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Palestine marks Nakba Day after Israeli bloodshed in Gaza

Tuesday, May 15, 2018
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A day after the Israeli bloodshed in Gaza, the Palestinians are marking the 70th anniversary of Nakba (Catastrophe Day), when the Tel Aviv regime forced them out of their homeland and declared its existence on occupied territory.

Palestinians both in the Gaza Strip and the occupied West Bank are taking part in a general strike as they prepare for mass rallies later in the day to protest the creation of the Israeli entity and renew the call for a return to their homeland.

Nakba Day is commemorated on May 15 every year, marking the day after Israel declared its existence in 1948. That year also saw a war between Israel and a coalition of Arab states over the control of Palestine, during which some 700,000 Palestinians were driven out of their homes and hundreds of Palestinian towns and villages were destroyed.

Israeli forces violently attacked Palestinian protesters in the occupied West Bank. Clashes have taken place in the cities of al-Khalil also known as Hebron, Bethlehem as well as at the so-called buffer zone dividing the Gaza Strip. 

The violence comes a day after Israeli troops unleashed a brutal crackdown on Palestinian protesters in Gaza, killing 58 people on the spot and wounding over 2,700 others.

The Monday protests in Gaza were part of the “March of Return,” which first began on March 30 with the aim of condemning Israel’s occupation and demanding their right to return.

Earlier on Tuesday, Gaza’s Health Ministry said that an eight-month-old baby identified as Leila al-Ghandourhad died of teargas inhalation suffered on Monday.

Most of the fatalities, it added, were caused by “sniper fire.”

A Palestinian succumbed to the wounds he sustained during Monday's rallies, while Israeli forces killed another Palestinian man on Tuesday, bringing the death toll to 61.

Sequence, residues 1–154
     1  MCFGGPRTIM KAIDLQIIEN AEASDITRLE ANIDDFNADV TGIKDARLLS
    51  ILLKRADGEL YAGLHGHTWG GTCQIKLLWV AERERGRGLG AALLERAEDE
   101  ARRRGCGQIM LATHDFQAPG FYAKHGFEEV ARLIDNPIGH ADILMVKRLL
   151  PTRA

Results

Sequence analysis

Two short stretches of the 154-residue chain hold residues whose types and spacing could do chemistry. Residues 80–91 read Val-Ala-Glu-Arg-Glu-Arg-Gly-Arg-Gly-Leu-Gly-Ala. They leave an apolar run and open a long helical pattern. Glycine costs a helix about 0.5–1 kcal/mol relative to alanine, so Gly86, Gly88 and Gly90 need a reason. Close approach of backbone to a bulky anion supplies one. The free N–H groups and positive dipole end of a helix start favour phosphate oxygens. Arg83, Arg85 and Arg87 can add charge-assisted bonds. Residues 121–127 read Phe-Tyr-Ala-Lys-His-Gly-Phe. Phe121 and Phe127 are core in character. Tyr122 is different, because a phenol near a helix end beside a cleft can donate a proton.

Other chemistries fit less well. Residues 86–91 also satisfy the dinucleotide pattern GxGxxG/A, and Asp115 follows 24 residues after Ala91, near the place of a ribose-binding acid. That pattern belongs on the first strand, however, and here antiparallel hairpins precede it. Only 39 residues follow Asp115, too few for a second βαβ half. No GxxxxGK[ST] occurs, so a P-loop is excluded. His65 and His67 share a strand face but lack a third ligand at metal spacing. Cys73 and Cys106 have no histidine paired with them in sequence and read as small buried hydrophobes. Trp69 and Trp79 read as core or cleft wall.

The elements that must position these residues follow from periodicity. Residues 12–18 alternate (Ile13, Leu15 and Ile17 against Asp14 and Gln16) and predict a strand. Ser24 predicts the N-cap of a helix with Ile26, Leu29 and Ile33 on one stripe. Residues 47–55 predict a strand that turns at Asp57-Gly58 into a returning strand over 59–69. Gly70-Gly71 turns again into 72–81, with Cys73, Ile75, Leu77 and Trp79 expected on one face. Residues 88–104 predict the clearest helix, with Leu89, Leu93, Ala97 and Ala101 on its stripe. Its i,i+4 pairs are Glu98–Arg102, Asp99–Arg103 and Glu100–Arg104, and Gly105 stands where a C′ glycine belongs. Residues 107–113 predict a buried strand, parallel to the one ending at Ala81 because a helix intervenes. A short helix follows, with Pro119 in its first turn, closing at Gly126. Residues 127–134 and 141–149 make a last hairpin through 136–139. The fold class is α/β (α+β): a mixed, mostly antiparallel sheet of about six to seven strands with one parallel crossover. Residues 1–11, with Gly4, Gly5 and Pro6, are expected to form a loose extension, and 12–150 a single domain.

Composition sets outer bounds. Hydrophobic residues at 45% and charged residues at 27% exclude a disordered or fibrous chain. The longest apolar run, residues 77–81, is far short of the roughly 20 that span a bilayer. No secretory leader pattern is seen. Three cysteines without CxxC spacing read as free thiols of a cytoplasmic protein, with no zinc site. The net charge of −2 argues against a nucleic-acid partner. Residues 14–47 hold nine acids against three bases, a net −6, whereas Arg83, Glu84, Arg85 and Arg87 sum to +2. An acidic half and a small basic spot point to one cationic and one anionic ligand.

Khaled Batch, the head of the grassroots organizing committee of Palestinian protests, says Gazans on Nakba Day will hold funeral for the victims, suggesting there will be no protests at the fence which separates the coastal enclave from the Israeli-occupied lands.

Monday, which marked the bloodiest day for Palestinians since the 2014 Gaza war, also saw the official relocation of the American embassy from Tel Aviv to the occupied Jerusalem al-Quds.

The Israeli carnage in Gaza and the transfer of the US embassy prompted international condemnations, with the UN Security Council expected to convene an emergency meeting on Tuesday to address the situation in Palestine.

Tensions have flared across the Palestinian territories since last December, when the United States declared Jerusalem al-Quds in the Tel Aviv-occupied West Bank as the regime’s so-called capital, and said the American embassy would be transferred from Tel Aviv to the holy city.

Palestinians have historically sought the city’s eastern part as the capital of their future state.

Both Washington’s allies and foes have criticized it for illegally declaring an occupied city as Israel’s “capital,” saying it would throw an already trouble-ridden region into more chaos.